Last week, Congresswoman Alexandria Ocasio-Cortez settled a Twitter blocking lawsuit, unblocked former New York State Assemblyman Dov Hikind, and admitted that he had a First Amendment right to express his views and should not be blocked. Despite making this admission, Ocasio-Cortez still has multiple critics blocked on Twitter.
According to the New York Post, the following accounts are still being blocked by the congresswoman:
- Rep. Niraj Antani (@NirajAntani)
- One America News (OAN) host Liz Wheeler (@Liz_Wheeler)
- Daily Wire Reporter Ryan Saavedra (@RealSaavedra)
- Former journalist Harry Cherry (@TheHarryCherry)
- News website The Daily Caller (@DailyCaller)
The account of pro-Trump student movement Students For Trump also said that it’s being blocked by Ocasio-Cortez.
Ocasio-Cortez has previously claimed that she has fewer than 20 accounts blocked for “ongoing harassment.”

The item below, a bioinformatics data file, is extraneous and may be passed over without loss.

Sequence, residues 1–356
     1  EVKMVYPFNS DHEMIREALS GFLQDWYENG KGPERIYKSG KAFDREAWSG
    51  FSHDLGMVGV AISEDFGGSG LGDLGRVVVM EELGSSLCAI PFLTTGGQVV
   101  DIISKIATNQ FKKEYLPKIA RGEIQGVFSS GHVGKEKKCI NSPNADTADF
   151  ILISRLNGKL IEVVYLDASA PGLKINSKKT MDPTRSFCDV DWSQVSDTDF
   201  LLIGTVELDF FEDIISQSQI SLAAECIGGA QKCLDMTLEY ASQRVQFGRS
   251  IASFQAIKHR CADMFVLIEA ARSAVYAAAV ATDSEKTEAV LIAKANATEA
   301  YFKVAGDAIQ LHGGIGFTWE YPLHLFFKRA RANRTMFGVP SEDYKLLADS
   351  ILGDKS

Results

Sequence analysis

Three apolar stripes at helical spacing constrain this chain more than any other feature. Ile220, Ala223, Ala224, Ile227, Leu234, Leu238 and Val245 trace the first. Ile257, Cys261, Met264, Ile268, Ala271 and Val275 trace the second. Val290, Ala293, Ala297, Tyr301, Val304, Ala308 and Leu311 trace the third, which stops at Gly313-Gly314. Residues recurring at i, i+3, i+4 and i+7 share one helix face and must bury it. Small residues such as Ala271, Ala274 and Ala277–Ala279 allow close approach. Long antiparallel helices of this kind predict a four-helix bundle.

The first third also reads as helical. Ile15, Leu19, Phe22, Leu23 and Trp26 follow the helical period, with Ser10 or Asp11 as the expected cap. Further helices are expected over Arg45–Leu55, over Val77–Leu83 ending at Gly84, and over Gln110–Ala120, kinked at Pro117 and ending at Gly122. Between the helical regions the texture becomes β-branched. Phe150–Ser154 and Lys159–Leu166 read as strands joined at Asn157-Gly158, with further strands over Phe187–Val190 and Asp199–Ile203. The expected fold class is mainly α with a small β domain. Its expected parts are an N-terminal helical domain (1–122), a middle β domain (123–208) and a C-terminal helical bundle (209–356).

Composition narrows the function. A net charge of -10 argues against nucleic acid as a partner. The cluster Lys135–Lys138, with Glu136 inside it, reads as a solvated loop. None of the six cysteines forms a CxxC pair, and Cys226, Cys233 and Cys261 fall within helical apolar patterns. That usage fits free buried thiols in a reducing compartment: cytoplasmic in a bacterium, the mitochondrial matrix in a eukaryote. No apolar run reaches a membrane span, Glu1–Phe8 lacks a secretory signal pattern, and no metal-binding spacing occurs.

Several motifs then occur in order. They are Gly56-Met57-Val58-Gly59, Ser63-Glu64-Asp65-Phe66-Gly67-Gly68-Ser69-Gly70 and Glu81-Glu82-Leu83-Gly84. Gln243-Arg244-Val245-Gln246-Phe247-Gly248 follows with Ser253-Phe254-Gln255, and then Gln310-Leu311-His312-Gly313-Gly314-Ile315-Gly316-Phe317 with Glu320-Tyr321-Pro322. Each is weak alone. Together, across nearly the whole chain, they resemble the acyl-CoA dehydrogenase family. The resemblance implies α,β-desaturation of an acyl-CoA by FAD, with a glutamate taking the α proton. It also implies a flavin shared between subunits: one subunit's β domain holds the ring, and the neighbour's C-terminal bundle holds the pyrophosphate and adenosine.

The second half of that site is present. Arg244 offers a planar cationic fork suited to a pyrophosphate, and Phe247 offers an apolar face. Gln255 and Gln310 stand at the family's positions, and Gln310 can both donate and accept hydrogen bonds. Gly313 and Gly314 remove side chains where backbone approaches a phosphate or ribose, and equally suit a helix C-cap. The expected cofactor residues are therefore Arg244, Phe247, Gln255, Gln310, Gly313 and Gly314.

Saavedra said he was blocked in April after posting a video showing Ocasio-Cortez using an altered accent while speaking to an African-American audience at Reverend Al Sharpton’s National Action Network. Saavedra added that the two engaged in a brief argument before he called her a liar and was blocked.
Wheeler said she was blocked in July after criticizing Ocasio-Cortez for voting against a bill that would have provided $4.5 billion in aid to migrants at the US border. Wheeler also challenged Ocasio-Cortez to show her the harassment and added that her criticism was “strictly policy-based.”
The Daily Caller said it was blocked for this “communist cow farts” tweet.
While Ocasio-Cortez currently has these critics blocked, a growing body of legal precedents indicates that this practice could be unconstitutional.
Beyond settling the recent lawsuit and admitting that Hikind should not be blocked for expressing his First Amendment views, the Knight First Amendment Institute has previously urged Ocasio-Cortez to unblock her critics and suggested that the practice violates their First Amendment rights.
Earlier this year, the Second US Circuit Court of Appeals also upheld a ruling that it’s unconstitutional for public officials to block people on Twitter for political views. Additionally, an August ruling reaffirmed that it’s unconstitutional for a politician to block people on Twitter.
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